Go Where You Wanna Go
It came to mind after one of my students showed me a short video posted recently by a photographer who was giving viewers a look at a location he'd chosen for a workshop and discussing his strategy behind the selection. Though near a very popular national park, he said he intentionally avoided taking his group there. This was an exercise in training the eye to see creatively. The way he described it, the park was okay for the postcard shot but not for what he wanted to teach. If his students wished to shoot there later that was fine - but they wouldn't be doing it with him.
I understand the concept - and naturally, it being his workshop, wherever and however he wants to teach it is up to him. Especially given the part of the country in which he was working, there is indeed much to photograph outside the confines of the park he referenced.
Still, I took issue with the way the message was conveyed. He talked about the fact that he'd photographed iconic subjects within the park, but that was then - and this is now. Meaning what, exactly? It was good enough for him at one point, but not for you?
Does he consider the park he once photographed passé? Of no interest to the more enlightened photographer?
That isn't what he said, but it's what the listener might have heard. Case in point: my student, having seen that video, asked whether he should even bother trying to shoot inside national parks any longer. Suddenly filled with self-doubt, he was second-guessing himself - not just about where he was shooting, but whether he was shooting the right things.
I doubt that's what this photographer meant. After all, he's created many excellent images from a variety of national parks. His own artistic output clearly indicates he doesn't believe the best one can do in an NPS property is to create a few unimaginative, standard postcard shots.
I believe he was suggesting that planting a tripod in the same holes countless others have already used to create the same exact shot of an iconic subject that's been made thousands of times already isn't doing much to advance one's creativity. (True.) Choosing not to conduct this workshop inside the park was his way of encouraging students to think differently and see more imaginatively.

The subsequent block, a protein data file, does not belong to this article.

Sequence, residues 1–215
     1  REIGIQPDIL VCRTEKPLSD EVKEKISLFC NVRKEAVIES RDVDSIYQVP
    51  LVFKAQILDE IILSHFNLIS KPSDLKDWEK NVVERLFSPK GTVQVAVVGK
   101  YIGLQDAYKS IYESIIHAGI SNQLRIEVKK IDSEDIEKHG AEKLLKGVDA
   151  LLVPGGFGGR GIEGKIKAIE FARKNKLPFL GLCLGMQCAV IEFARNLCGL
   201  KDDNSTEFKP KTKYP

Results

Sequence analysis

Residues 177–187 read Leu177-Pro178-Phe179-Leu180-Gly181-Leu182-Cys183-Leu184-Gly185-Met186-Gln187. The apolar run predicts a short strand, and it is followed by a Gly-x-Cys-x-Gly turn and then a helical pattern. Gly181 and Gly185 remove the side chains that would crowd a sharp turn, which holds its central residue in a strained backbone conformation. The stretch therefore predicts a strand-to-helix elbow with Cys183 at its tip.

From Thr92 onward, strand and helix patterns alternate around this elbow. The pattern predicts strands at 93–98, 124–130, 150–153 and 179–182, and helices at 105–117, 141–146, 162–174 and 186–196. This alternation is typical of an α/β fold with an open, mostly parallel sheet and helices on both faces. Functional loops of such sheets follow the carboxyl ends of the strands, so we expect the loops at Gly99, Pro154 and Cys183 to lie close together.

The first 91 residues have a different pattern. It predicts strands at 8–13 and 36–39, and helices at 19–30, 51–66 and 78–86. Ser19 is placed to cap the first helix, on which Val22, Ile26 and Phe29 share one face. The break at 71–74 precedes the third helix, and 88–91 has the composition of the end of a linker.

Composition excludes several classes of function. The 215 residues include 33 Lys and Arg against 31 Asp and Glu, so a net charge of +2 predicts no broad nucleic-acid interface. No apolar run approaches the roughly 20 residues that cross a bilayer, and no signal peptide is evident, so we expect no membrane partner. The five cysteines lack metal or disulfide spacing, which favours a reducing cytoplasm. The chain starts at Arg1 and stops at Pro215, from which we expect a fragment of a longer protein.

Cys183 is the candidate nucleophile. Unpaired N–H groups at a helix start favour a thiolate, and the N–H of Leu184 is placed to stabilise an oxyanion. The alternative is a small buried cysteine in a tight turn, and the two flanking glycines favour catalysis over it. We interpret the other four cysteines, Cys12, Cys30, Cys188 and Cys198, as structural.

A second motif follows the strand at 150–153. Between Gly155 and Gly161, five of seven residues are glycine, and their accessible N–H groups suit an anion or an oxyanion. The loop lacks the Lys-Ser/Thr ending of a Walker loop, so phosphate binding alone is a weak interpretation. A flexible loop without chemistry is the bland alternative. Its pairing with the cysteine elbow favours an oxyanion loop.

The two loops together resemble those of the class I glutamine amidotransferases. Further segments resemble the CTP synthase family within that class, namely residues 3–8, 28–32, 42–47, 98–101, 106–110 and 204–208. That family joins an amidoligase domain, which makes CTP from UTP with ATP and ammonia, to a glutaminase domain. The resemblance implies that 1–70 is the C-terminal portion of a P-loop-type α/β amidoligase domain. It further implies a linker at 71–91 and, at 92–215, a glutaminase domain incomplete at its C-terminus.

This does not mean it's impossible to make unique images at well-known locations.
Of Two MindsThe sunny disposition of Arrowleaf Balsamroot blooms is juxtaposed with towering storm clouds moving into the valley.
The student I referred to at the top of this post is local; like me, he lives near two of the crown jewels in the NPS system. Should he avoid Yellowstone and Grand Teton because they've been photographed by so many others? Of course not.
Neither should you.
There are very few destinations in this world that haven't already been photographed. Some are more-often visited than others, but wherever you're working, you're likely not the first to be there with a camera. How you experience it, though, is unique to you.
The things you find interesting, subject matter that strikes your eye, what you want to convey with the photograph, how much you're willing to explore, the conditions while you're on site - that's all yours. There are many ways to creatively capture what you're seeing and feeling.
As for iconic subject matter, by all means photograph it. Why would you not? Maybe you'll start with that standard shot from the overlook everyone flocks to. Once you've made it, though, challenge yourself to consider what else you can do to re-interpret that scene.
If there are future visits, each one will be an opportunity to tell a different story. Of course you're not going to want to make the same photograph over and over.
Make it a habit to look more deeply into your surroundings. Take your time. Listen to what the landscape has to say. That's when you'll start to notice all sorts of things, many of which have nothing to do with those iconic landmarks.
You probably won't do anything with some of the images you make. That doesn't matter. Experimentation is a good creative exercise.
(The photographs I've posted here were made within Grand Teton National Park in the last few weeks. These aren't all destined for later use; I made some of them to demonstrate what you might find when getting off the beaten path, looking beyond the obvious, and improvising with conditions such as fog and incoming or outgoing storms.)
Another note regarding iconic subject matter: if you progress to the point where you're selling your work, you'll likely want to include such imagery in your portfolio - with your own interpretation. My commercial clients often gravitate toward landscapes featuring recognizable local scenes. For example, medical facilities and hotels here in Eastern Idaho want images of the Tetons.
Don't doubt yourself; take your camera to locations that interest you. So what if other photographers flock there? Aspire to create something other than the same photo "everybody else" makes, but shoot where - and what - you want.
Go Where You Wanna Go.
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